In order to provide proper ranges for signal propagation, equipment will need to be raised to a significant height (50-100ft above sea level) while maintaining a relatively stable position with low swaying/bobbing. This will require a very deep ballast, and possibly anchoring or active guidance systems to keep the station in position.
-An alternative for guidance systems could be active tracking systems for microwave dishes, allowing them to adjust their angles in order to keep a fix on the distant end.
Possibly a modified version of Vincecate's Ball House?
Telecommunications towers will have substantial power requirements [insert numbers here]. A complimentary combination of power generation techniques will need to be leveraged in order to provide adequate and reliable power for the stations.
Since these stations will likely be dedicated to their purpose, we can focus on providing for the equipment needs with only mild concerns for maintenance personnel. Most of the space can be utilized specifically for power generation and storage, as the communications equipment will be primarily at the top of the tower.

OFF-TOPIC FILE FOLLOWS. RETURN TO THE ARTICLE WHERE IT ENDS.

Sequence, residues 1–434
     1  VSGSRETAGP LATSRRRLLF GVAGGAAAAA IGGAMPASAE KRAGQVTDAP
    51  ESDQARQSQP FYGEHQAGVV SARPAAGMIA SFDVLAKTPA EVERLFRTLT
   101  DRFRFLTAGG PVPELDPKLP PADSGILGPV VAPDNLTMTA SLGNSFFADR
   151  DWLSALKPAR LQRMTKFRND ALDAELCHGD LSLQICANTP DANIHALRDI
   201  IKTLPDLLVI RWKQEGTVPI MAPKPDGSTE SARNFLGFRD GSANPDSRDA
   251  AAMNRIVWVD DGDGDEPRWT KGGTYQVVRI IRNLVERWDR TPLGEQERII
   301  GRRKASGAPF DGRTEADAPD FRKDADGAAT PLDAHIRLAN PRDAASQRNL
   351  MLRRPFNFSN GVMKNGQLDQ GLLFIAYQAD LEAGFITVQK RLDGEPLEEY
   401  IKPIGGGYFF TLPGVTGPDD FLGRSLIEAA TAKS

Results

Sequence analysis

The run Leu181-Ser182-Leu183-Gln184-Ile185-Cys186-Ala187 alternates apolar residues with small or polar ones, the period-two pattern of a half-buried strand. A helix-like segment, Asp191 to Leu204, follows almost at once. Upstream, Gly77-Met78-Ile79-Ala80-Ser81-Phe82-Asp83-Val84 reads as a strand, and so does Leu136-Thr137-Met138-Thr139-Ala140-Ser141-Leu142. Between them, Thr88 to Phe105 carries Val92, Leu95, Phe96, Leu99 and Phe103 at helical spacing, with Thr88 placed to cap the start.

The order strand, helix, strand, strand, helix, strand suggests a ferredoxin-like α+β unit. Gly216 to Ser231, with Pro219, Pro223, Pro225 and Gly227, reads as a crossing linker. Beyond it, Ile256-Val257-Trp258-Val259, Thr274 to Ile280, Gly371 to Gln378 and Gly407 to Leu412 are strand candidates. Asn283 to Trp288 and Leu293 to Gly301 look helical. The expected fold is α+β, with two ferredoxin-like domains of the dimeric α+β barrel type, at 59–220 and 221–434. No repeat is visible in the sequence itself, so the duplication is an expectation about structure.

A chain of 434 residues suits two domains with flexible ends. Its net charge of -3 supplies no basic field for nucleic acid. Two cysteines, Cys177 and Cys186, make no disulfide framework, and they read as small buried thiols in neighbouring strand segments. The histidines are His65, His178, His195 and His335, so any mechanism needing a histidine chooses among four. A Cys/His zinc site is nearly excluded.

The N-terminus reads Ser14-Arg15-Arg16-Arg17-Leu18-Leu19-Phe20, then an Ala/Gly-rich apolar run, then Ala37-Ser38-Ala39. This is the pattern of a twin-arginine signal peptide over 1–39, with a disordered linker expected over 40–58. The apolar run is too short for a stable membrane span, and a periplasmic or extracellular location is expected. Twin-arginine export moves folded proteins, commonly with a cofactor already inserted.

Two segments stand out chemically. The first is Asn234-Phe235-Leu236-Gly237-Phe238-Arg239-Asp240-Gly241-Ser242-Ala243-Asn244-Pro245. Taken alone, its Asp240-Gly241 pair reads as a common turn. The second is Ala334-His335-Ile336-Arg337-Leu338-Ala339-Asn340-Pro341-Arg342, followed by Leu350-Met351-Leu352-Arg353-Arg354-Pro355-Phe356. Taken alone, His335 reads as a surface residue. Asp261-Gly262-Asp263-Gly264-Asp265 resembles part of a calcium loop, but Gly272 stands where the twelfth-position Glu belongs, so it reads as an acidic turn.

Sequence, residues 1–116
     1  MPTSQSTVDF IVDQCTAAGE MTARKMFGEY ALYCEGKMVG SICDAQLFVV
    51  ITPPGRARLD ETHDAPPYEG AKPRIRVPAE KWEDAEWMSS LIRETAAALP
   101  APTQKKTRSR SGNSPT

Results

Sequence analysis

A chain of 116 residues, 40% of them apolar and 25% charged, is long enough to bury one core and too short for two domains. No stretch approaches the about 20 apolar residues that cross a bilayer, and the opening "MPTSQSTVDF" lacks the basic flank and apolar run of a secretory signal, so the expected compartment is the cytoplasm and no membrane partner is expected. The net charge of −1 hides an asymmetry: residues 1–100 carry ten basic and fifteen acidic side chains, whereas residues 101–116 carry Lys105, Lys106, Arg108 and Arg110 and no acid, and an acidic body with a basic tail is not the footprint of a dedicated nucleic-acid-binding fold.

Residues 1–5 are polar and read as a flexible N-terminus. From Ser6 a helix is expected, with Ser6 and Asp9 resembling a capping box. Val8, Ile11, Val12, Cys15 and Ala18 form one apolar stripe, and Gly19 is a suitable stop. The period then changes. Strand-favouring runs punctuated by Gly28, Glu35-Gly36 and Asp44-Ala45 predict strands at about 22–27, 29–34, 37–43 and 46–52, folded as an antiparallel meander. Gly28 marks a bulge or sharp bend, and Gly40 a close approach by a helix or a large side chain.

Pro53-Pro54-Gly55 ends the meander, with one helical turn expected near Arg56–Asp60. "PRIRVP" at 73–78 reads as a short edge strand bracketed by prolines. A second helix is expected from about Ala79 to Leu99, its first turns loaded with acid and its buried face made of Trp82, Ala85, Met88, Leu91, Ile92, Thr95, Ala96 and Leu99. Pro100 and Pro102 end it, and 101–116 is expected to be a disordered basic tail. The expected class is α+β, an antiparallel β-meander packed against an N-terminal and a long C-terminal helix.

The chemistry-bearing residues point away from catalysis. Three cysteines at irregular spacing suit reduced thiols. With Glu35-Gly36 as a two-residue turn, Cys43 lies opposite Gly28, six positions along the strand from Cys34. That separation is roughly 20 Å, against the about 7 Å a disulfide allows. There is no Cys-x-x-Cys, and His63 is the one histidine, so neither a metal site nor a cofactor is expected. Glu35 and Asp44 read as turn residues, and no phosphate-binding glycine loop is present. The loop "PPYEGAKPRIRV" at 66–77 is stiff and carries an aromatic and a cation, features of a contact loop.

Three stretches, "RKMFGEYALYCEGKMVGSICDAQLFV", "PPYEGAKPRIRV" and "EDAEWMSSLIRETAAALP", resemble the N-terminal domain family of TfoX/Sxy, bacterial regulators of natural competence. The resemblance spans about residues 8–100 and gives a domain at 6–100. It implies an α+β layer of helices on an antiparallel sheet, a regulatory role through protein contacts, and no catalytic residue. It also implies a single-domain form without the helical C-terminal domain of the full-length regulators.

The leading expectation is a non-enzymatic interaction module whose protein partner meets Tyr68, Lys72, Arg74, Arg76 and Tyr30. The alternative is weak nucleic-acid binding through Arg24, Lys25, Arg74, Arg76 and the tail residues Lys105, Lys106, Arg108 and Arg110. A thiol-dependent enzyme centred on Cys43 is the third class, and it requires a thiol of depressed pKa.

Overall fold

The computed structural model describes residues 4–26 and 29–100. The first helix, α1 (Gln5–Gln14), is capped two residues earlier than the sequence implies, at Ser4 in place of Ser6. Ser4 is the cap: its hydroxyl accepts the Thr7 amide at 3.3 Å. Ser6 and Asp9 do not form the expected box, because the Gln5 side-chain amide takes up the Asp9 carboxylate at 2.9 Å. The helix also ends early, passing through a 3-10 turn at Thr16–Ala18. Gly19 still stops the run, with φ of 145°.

Maintenance and Upgrades
Once installed, the base stations can mostly be left to themselves. Periodic visits (monthly?) for system quality assurance testing, hardware inspection/maintenance, and structure integrity checks will be necessary.
Technologies will change and techniques will be perfected. Continued research, testing, and evaluation will be required.
Initial startup costs for equipment (not counting base station structure) are projected to be [insert figure].
Including base station structure, cost projection increases to [insert figure].
Initial funding will be required, but subsequent operation, maintenance, and upgrade costs can possibly be funded by incorporating a business venture. This business could provide internet access to various vessels and oceanic structures within the target area. As latency will be low and bandwidth will be high, this connectivity could be sold at a premium. With continued network expansion, service areas could be added and increased revenue generated.
(...a work in progress - to be continued!)